But it was the first priority to arise from Elizabeth’s community meetings that put the Phillips Foundation, and the young couple running it, on the local map. For many years, Greensboro had discussed building a performing-arts center to anchor its downtown revitalization plan. It was, the Phillipses realized, a once-in-a-generation opportunity. But there was a problem: The project’s earlier backers had “been laughed out the door,” says Elizabeth, for promising to raise $20 million, a then-unheard-of sum in Greensboro.

For a performing arts center which looks to be financially unsustainable,
funded by money which hasn't shown up yet
as the Phillips and others are giving the money over time
which set the project back for years

She jumped in, contributing $3.5 million to launch a capital campaign. “It’s a millennial mindset to be all-in for something you care about, instead of just writing checks,” she says. “We decided to take a big and bold approach.”

Kevin and Elizabeth Phillips have not contributed $3.5 million.

They pledged it over a series of years,
just like the money promised to Say Yes Guilford
which Say Yes Guilford doesn't have yet

With two co-chairs, she formed Generation GPAC (Greensboro Performing Arts Center) and took a multipronged approach to mobilizing “everyone under 50.” They held private fund-raisers, networked with young professional organizations in the community like synerG, and launched advocacy and education initiatives. From an initial 300 members, GPAC grew to nearly 600, and along the way, “We changed the face of the project, from ‘old people who like the symphony’ to ‘this matters for the future of downtown and our community at large.’”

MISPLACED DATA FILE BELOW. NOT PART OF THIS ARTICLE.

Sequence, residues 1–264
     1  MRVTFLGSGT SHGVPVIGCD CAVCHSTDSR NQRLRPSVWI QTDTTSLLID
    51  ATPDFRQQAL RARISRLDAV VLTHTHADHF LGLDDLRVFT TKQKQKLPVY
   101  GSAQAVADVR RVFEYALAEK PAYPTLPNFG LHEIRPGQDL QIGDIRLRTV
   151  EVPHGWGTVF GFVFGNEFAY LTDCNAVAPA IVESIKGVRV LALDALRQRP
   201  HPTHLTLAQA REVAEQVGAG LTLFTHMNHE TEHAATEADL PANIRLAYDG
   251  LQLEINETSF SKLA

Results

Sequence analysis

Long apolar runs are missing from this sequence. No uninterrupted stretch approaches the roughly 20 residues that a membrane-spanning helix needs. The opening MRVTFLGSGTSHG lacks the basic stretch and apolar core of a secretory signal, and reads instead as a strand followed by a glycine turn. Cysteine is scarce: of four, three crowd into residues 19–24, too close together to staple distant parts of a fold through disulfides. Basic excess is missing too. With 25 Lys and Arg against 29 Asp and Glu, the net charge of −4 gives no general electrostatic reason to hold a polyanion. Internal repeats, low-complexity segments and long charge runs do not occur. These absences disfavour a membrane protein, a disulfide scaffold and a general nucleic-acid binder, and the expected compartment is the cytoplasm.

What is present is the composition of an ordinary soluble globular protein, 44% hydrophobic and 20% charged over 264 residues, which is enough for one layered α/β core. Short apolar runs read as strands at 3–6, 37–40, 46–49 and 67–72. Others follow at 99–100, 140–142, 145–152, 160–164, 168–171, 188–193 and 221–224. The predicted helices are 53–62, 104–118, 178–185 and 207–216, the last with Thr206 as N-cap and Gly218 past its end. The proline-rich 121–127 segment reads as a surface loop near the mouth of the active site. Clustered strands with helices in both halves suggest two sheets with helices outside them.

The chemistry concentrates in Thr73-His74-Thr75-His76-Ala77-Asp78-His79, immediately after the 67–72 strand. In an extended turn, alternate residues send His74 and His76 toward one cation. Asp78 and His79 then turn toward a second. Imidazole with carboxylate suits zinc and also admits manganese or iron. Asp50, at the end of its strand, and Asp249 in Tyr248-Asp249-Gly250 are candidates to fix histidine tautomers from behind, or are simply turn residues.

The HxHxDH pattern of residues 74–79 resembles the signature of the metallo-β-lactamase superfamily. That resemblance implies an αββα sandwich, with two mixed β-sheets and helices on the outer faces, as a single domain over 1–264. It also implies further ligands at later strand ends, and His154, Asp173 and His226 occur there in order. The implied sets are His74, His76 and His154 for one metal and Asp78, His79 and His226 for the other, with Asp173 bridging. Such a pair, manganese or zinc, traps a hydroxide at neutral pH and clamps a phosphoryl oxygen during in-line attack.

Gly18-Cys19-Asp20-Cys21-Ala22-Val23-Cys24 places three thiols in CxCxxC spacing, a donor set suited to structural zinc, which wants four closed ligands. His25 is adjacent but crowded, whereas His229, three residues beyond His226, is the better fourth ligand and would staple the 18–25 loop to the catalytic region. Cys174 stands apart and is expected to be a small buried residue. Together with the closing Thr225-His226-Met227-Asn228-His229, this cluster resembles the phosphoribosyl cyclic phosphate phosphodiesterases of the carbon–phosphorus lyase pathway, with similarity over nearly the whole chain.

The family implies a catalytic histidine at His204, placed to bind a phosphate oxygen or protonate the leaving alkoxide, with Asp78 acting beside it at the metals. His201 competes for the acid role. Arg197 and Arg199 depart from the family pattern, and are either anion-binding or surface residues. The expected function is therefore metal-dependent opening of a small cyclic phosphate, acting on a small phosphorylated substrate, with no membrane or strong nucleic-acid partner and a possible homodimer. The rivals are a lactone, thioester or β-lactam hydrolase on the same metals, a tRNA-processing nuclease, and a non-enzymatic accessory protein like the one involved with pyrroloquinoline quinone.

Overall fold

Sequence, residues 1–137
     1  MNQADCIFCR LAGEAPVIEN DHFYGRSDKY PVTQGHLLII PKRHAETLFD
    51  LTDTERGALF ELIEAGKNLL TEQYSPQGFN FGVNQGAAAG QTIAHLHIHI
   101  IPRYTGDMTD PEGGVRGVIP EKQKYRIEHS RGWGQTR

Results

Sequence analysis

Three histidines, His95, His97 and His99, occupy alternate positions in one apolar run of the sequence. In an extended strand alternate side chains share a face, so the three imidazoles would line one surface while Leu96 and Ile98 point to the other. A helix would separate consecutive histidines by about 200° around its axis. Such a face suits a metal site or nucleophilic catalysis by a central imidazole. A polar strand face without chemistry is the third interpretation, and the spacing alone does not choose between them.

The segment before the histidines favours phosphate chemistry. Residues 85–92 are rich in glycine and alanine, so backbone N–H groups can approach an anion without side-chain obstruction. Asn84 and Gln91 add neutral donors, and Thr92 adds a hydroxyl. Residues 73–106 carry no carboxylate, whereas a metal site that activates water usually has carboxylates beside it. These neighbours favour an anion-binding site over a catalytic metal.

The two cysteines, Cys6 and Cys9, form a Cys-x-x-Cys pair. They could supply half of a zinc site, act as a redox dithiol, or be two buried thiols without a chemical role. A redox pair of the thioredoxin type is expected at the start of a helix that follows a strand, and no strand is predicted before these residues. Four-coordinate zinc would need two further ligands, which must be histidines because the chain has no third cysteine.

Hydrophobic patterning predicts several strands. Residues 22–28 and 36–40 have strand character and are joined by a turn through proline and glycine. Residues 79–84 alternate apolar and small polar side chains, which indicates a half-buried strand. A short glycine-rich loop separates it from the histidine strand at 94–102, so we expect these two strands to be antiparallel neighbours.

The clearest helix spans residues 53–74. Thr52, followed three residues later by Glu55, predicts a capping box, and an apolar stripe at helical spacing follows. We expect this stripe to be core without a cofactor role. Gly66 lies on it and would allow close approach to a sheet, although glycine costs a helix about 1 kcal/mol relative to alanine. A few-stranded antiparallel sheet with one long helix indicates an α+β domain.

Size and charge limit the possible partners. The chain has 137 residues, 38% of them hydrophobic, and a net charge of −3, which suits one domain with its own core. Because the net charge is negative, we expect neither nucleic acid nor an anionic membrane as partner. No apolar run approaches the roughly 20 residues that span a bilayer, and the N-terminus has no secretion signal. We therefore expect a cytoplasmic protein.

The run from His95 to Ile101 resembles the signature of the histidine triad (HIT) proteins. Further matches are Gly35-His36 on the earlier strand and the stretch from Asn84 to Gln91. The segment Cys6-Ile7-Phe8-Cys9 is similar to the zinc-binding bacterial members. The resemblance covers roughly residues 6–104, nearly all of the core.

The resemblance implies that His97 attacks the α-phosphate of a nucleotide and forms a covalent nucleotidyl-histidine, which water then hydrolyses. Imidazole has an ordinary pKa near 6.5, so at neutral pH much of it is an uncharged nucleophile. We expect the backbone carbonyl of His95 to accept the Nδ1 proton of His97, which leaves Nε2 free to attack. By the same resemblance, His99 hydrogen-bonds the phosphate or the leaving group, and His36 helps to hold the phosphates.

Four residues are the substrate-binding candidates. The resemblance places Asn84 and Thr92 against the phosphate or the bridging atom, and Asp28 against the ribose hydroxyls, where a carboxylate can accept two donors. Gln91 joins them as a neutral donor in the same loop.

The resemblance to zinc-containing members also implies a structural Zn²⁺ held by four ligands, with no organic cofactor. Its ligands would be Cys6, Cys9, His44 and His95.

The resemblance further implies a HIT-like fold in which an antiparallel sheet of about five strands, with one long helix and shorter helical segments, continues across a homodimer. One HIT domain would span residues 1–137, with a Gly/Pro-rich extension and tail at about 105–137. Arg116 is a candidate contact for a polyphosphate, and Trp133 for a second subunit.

"our community at large" won't be able to afford to go,
as the site sits in the depths of one of the poorest areas of North Carolina
which most likely doesn't have the disposable income to blow on overpriced shows
which Kevin and Elizabeth appear to understand relatively little about
considering the wealth they grew up with

The fresh energy behind the project encouraged new donors to step forward, including outlet king Steven Tanger, who acquired the naming rights to the now $78 million project, which includes some $40 million contributed by nonpublic donors.

Which is not in hand by the project

Last I heard, they had a little over $5 million in hand to fund the construction

The Phillipses have moved the project far beyond the initial $20 million goal that was ridiculed as way too high. The landmark limestone and glass Steven Tanger Center for the Performing Arts—with its soaring Phillips Hall lobby—is slated to open in 2018.

The cost of the project should be ridiculed 
as a trophy for Greensboro's upper crusties to congratulate themselves over
as the rest of the community is losing relatively higher paying jobs
which somehow isn't a focus of the Phillips Foundation

We need good paying manufacturing jobs, 
not a performing arts center most won't be able to enjoy

The moral here: Competence isn’t the exclusive privilege of those who have a lot of life experience. It can also show up in those just starting out in life."

Total ass kiss piece for a couple who inherited a give away machine
without making the money themselves at the expense of taxpayers 
who have to make up for the taxes not paid on the money 
so these silver spoons can get nice write ups to show their friends